Lee, H.-S. and Oh, J.-H., 2021. Correcting Digital Elevation Models (DEM) from Unmanned Aerial Vehicles (UAV): A new method using polynomial model matching techniques. In: Lee, J. L.; Suh, K.-S.; Lee, B.; Shin, S., and Lee, J. (eds.), Crisis and Integrated Management for Coastal and Marine Safety. Journal of Coastal Research, Special Issue No. 114, pp. 434–438. Coconut Creek (Florida), ISSN 0749-0208.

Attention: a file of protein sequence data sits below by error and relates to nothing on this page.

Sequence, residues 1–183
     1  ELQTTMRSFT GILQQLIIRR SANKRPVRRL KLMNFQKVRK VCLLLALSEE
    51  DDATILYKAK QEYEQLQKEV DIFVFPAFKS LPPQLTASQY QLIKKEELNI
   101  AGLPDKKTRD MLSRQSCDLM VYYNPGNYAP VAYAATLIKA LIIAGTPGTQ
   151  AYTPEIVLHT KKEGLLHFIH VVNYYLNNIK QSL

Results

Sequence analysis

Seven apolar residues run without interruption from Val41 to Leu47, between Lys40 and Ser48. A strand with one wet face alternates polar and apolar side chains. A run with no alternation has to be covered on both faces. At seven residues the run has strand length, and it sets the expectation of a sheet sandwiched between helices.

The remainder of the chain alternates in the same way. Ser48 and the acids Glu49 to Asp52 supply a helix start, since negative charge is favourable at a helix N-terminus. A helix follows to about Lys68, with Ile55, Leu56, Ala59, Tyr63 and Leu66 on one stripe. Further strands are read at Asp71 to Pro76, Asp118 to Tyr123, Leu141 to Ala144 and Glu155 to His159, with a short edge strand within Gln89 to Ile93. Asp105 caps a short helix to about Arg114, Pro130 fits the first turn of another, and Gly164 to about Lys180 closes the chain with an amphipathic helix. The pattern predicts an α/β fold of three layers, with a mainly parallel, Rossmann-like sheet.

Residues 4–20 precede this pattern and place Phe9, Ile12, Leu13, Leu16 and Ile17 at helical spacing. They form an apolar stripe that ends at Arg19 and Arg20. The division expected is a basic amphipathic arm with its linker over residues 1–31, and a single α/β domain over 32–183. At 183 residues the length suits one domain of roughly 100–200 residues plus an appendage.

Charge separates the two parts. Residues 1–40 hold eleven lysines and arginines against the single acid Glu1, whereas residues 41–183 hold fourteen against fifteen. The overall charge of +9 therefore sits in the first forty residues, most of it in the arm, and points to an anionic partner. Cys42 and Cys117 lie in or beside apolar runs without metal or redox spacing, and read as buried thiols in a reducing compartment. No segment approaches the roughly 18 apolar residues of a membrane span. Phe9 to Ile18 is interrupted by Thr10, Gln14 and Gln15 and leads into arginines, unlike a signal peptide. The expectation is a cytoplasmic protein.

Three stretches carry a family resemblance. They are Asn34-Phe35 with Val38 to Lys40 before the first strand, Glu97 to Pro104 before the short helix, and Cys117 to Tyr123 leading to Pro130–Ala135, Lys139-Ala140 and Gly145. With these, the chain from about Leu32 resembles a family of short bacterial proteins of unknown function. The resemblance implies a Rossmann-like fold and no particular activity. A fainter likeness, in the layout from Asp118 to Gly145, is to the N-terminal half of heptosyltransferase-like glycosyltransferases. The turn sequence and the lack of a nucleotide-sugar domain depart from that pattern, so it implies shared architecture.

Korean coastal regions have large mudflats that shelter endangered migratory birds and many prosperous ecosystems inhabited by various species living in clusters. To recognize the topographical and environmental characteristics of the coastal regions and to systematically manage them, it is essential to obtain topographical maps of the geographical and environmental characteristics. In particular, the height information of the mudflats is critically important in monitoring changes caused by either natural or artificial influences. Recently, Unmanned Aerial Vehicles (UAV) are shown to be potential candidates in preparing accurate Digital Elevation Models (DEMs) of a terrain. But a major problem in using UAVs is that it is almost impossible to conduct a field survey of Ground Control Points (GCPs). This is because the mudflat areas are not easy to approach places where the proportion of silt and clay content is very high. Without GCPs, the DEM produced from the UAV images and photogrammetric software tend to show a nonlinear distortion due to the aerial triangulation errors. Therefore, we propose a least-square height-difference DEM matching with a polynomial model. This method uses a reference DEM obtained from aerial images to compensate for the location error and the aforementioned nonlinear distortion. Experimental results showed that this significant DEM error modeling was possible with curvilinear translation and constant rotation parameters along the diagonal direction of the test DEM that significantly reduce the location errors and almost eliminate the nonlinear distortion of the UAV-derived DEM.

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